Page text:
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Reviews by Mary Whipple: "Abate uses clear and often poetic imagery, natural dialogue, a limited number of characters, and meticulously planned, non-linear chronology to allow him to say all he needs to say in very few words ."

Date: Jul 27 2010

Author Carmine Abate grew up in Carfizzi, a small Arberesh village in the toe of Italy, and he returns to that area again* in this novel with a warm and embracing story of a young man’s growing up and his search for his place in the world.  Marco has a different life from that of boys in other parts of Italy.  Like his father, he may be destined to leave his home in Hora, one day, to spend long periods of time in the mines and fields of France earning enough money to support a family in Italy.  Marco and his family are Arberesh, descendants of Albanians who emigrated to southern Italy from the fifteenth through eighteenth centuries, citizens who keep their ethnic ties, their language, and their culture alive within their small communities, which remain poor “while the world outside [gets] better.  While the rest of Italy progresse[s].”  As his father explains to the son who desperately misses him for the large part year that he is in France, “If I come back [home to stay], who’ll send us money so that Elisa can go to University?  What are we going to eat if I come home: nails?”  For Marco, however, “My father was a chronic source of pain under my skin.”

Filled with everyday details which bring the community of Hora and the difficult maturation of this young boy to life, The Homecoming Party is a coming-of-age novel, a small morality tale, a domestic drama, and a paean to the beauty which still exists in the hills of southern Italy—“This is what I imagine heaven to be,” Tullio, the father, says.  Lyrical and poetic without being overly sentimental, the novel opens with Marco and his father sharing the Christmas bonfire when Marco is thirteen and concludes with the same memories, but in between these “bookends,” the chronology and the point of view change with the seasons and the holidays, and good times alternate with hard times as the family dynamics and mysteries unfold.  In flashbacks, the father’s life in France before Marco was born becomes clear and makes him human, also explaining his older sister Elisa’s role within the family, while Marco’s difficult life without him also makes him understandable as he grows from the age of nine to thirteen.  “I was a child who could not stand losing,” he says, explaining how he would take away the almost-sacred football, given to him by his father, and leave the other boys and the game if he were not winning.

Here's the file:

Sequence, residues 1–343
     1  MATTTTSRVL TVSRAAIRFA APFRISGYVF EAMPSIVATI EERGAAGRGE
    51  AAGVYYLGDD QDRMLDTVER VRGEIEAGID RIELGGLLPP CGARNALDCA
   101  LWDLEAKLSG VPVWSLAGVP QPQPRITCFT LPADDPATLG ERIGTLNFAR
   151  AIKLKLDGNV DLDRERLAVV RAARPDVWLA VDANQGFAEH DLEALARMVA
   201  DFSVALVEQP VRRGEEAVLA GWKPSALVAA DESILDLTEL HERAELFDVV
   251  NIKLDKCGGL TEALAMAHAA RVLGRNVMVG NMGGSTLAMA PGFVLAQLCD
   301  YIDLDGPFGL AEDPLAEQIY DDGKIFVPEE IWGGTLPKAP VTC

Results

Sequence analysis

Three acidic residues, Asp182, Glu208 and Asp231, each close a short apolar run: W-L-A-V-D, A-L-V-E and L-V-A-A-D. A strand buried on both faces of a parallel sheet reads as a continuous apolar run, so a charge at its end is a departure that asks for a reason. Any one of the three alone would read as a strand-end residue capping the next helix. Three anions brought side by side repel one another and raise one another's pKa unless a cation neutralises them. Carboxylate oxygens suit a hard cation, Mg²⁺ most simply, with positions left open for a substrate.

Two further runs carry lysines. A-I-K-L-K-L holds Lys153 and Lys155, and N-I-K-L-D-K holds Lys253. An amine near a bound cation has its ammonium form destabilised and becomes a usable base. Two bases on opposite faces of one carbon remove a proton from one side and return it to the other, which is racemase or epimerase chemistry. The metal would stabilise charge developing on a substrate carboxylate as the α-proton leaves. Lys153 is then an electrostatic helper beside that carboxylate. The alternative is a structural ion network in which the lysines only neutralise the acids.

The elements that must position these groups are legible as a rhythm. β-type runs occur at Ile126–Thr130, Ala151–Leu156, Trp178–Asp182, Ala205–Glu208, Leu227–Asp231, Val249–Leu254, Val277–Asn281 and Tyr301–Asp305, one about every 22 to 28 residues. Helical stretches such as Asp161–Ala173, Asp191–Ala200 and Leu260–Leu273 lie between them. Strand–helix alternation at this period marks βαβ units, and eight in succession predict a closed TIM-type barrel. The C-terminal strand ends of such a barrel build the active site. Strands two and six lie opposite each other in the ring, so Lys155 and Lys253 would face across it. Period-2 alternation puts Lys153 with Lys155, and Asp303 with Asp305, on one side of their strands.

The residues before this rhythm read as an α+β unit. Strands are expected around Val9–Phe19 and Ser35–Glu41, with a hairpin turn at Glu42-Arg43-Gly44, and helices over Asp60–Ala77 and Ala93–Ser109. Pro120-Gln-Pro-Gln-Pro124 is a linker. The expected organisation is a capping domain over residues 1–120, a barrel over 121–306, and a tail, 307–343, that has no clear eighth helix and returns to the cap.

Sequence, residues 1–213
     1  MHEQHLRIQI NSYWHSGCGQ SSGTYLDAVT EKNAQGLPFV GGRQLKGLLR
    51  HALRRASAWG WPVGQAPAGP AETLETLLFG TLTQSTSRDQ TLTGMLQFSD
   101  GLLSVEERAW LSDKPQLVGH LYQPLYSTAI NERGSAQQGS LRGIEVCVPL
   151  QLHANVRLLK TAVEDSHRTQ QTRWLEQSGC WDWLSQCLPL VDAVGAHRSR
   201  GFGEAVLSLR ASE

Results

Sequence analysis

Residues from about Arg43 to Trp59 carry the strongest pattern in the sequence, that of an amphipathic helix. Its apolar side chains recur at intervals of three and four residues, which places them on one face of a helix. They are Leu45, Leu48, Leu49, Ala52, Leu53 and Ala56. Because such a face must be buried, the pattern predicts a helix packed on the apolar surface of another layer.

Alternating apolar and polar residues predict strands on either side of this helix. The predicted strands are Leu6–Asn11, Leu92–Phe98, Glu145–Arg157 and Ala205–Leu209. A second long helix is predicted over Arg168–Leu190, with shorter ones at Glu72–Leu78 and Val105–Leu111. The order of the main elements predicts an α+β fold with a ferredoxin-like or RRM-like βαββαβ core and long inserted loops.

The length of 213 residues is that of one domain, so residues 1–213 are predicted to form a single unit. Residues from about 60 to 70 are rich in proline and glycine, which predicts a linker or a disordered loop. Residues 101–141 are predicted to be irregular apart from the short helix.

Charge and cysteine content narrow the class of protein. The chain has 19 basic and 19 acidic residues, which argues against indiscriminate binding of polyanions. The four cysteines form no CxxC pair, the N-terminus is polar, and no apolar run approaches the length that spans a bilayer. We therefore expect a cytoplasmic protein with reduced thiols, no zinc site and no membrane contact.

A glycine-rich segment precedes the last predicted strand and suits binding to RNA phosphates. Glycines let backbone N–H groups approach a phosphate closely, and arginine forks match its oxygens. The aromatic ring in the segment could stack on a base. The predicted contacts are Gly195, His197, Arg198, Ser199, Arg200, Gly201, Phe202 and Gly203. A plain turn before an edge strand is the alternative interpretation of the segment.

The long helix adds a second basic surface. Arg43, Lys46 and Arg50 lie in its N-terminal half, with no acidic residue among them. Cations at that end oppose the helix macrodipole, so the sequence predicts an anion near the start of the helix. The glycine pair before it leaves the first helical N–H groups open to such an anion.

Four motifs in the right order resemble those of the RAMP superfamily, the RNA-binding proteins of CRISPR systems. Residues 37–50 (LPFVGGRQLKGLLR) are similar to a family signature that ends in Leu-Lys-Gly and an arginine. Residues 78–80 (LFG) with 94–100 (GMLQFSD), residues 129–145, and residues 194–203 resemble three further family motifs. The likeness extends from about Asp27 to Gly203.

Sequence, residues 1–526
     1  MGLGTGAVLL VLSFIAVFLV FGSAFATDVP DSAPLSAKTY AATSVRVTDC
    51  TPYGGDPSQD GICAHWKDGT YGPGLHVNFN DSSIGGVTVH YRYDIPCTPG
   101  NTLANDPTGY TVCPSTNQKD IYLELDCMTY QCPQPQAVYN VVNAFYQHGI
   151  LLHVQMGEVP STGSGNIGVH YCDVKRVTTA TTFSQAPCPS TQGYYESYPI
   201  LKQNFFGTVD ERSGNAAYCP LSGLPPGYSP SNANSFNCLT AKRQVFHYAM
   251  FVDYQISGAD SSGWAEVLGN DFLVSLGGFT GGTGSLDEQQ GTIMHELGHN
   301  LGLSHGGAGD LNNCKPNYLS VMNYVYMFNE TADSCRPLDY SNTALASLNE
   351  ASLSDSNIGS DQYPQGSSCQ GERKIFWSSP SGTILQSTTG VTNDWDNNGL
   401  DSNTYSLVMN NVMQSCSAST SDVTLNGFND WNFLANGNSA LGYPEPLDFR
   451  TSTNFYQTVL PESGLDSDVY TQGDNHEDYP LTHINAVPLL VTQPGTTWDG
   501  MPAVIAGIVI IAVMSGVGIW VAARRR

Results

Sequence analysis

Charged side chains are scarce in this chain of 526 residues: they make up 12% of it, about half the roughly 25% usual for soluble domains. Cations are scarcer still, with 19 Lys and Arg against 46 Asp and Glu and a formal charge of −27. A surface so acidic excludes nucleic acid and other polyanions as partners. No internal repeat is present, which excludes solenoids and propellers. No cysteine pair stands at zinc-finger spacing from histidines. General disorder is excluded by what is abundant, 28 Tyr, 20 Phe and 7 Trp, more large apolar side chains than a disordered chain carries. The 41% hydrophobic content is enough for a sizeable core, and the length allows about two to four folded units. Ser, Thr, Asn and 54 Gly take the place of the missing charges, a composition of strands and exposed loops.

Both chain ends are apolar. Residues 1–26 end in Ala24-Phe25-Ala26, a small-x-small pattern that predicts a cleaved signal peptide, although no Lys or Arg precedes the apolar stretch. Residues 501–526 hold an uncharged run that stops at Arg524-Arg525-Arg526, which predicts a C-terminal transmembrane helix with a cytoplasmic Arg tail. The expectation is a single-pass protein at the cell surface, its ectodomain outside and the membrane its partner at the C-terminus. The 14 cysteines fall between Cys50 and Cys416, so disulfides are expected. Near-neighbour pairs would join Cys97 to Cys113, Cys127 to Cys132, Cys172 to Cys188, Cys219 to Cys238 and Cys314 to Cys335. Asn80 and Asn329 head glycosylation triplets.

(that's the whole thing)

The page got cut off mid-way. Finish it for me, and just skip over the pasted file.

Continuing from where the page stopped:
Throughout his early life, his sister Elisa and her relationships become Marco’s introduction to love and sex, and he must defend her to his friends while also trying to figure out what is going on with “the man with the light blue eyes,” a man who is much older than she, with “salt-and-pepper hair.”  When Marco becomes deathly ill and misses two and a half months of school, his father is away, and it is the man with the light blue eyes who assumes the role of his missing father, teaching him how to swim, getting him caught up on his schoolwork, and hoping to ensure that Marco will not reveal his illicit relationship with Elisa.

All the events from the past and all the symbols that have evolved in the course of the novel—Spertina the dog, the football, the imagery of Christmas and Easter, and the wild boar Marco has hunted with his father—come together in the conclusion.  Tullio, the father, has an opportunity to become a real father, and Marco has a chance to become a hero.  “Leave or I’ll pull the trigger,” takes on new meaning in the course of the novel, as the importance of family and the responsibilities associated with it become clearer for Marco.

Abate has created a book with epic themes in a novel which is almost as short as a novella, using clear and often poetic imagery, natural dialogue, a limited number of characters, and meticulously planned, non-linear chronology to allow him to say all he needs to say in very few words.  The novel never becomes saccharine and never patronizes the reader, despite the emotional connections the author deliberately cultivates.  By emphasizing the characters’ natural, uncomplicated reactions to important events, and keeping those reactions consistent with the ages of the characters, he allows readers from other parts of the world to participate in a family whose culture is very different from their own.

*Carmine Abate’s previous novel, Between Two Seas, was also set in Calabria, in the toe of Italy.

Read this Review by Mary Whipple on Seeing the World Through Books